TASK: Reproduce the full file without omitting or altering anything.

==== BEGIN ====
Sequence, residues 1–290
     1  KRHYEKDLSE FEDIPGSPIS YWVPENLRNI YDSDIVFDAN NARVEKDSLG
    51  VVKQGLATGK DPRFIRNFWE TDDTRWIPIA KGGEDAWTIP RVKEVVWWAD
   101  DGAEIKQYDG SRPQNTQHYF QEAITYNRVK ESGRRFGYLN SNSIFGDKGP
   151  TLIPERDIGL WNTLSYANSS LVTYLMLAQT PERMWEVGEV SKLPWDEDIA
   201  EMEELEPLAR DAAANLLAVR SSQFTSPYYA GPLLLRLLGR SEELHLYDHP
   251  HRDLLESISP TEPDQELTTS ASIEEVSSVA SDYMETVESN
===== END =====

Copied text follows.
Sequence, residues 1–290
     1  KRHYEKDLSE FEDIPGSPIS YWVPENLRNI YDSDIVFDAN NARVEKDSLG
    51  VVKQGLATGK DPRFIRNFWE TDDTRWIPIA KGGEDAWTIP RVKEVVWWAD
   101  DGAEIKQYDG SRPQNTQHYF QEAITYNRVK ESGRRFGYLN SNSIFGDKGP
   151  TLIPERDIGL WNTLSYANSS LVTYLMLAQT PERMWEVGEV SKLPWDEDIA
   201  EMEELEPLAR DAAANLLAVR SSQFTSPYYA GPLLLRLLGR SEELHLYDHP
   251  HRDLLESISP TEPDQELTTS ASIEEVSSVA SDYMETVESN